Practicing Non-Violence Towards Yourself

I'm really mean to myself. I dredge up my past transgressions with disgust and shame compounded by years of self-indulgent loathing. Sometimes I actually say, "I hate you" aloud several times a day. Even nastier words like, "bitch" and "whore" pop out of my mouth almost instinctively. I once had a friend who told me he'd raise his hand to his temple in the shape of a gun when he was giving himself an emotional ass-kicking so I know I'm not entirely unique with this experience. A few weeks ago I had a minor epiphany when I realized I was abusing myself with the same words that my father used against my mother for years. Not only did I develop the common ACOA (adult children of alcoholics) trait of judging myself without mercy but I have also internalized and continued the abuse I witnessed as a child. Fifteen years of active addiction provides no shortage of sins and shortcomings to re-live.

I've been searching for a remedy to this affliction for some time, usually in the self-help aisle of bookstores or a counselor's office, but the greatest relief always came from a few stiff drinks. Getting drunk made me feel relaxed, confident and connected. Now, without that crutch, I am desperate for a better solution. I want to be restored to sanity and I know that God is waiting for me to get over myself and accept my imperfection. By denying the forgiveness that is being offered I am telling God that I make a better judge and raise my self-importance to new levels. Ironically, intense self-flagellation is as much an indication of a big ego as it is of low self-esteem. Great expectations lead to great torment.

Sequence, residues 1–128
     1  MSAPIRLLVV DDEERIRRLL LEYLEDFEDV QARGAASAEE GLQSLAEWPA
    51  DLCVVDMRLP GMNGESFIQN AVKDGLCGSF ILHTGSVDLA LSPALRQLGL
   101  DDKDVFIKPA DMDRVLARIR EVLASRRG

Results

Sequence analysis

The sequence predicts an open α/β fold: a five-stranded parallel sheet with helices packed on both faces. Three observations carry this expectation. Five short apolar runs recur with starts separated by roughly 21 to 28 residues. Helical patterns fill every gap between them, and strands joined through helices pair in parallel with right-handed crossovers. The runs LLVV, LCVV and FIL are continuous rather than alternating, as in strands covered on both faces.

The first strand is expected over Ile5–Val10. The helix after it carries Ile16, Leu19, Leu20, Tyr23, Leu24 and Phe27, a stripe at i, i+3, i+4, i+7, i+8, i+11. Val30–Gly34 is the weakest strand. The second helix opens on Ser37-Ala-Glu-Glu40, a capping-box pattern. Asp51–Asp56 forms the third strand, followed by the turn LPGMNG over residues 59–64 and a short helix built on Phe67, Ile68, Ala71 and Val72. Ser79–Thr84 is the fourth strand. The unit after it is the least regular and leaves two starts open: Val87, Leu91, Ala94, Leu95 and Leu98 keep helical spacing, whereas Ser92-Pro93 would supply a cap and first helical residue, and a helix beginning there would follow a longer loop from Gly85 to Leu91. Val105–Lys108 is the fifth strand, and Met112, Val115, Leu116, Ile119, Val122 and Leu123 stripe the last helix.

"If you are willing to serenely bear the trial of being displeasing to yourself then you will be for Jesus a pleasant place of shelter." (St. Thérese of Lisieux)

When I read the above quote by St. Thérese I breathed a deep, knowing breath. I came to realize that I don't need to overcome my misery, I need to embrace it. That which we resist persists. All of the psychospiritual energy I spend fighting my dark side actually gives it the power to continue growing stronger. It is only through practicing acceptance that I am freed from it's grip. Members of 12-step programs are very familiar with this paradox.

So I'm trying to "turn it over" and "give it to God" when the old records start playing but I haven't totally surrendered yet. Don't ask me why I hold on so tightly to the hate. I suppose in some way it must provide a release or payoff otherwise I wouldn't do it. The behaviour is so ingrained it feels like a part of my essence. I am violence turned inward. I am alone, ignored, worthless. I am hate manifested. I am ugly, wrong, bad, pathetic, stupid, rejected nobody. I am broken.

Thankfully, God loves my brokenness. It is in this place that I am humbled and become willing to receive. When I am at the lowest of lows there is no distraction from God and in these moments restoration is truly possible.

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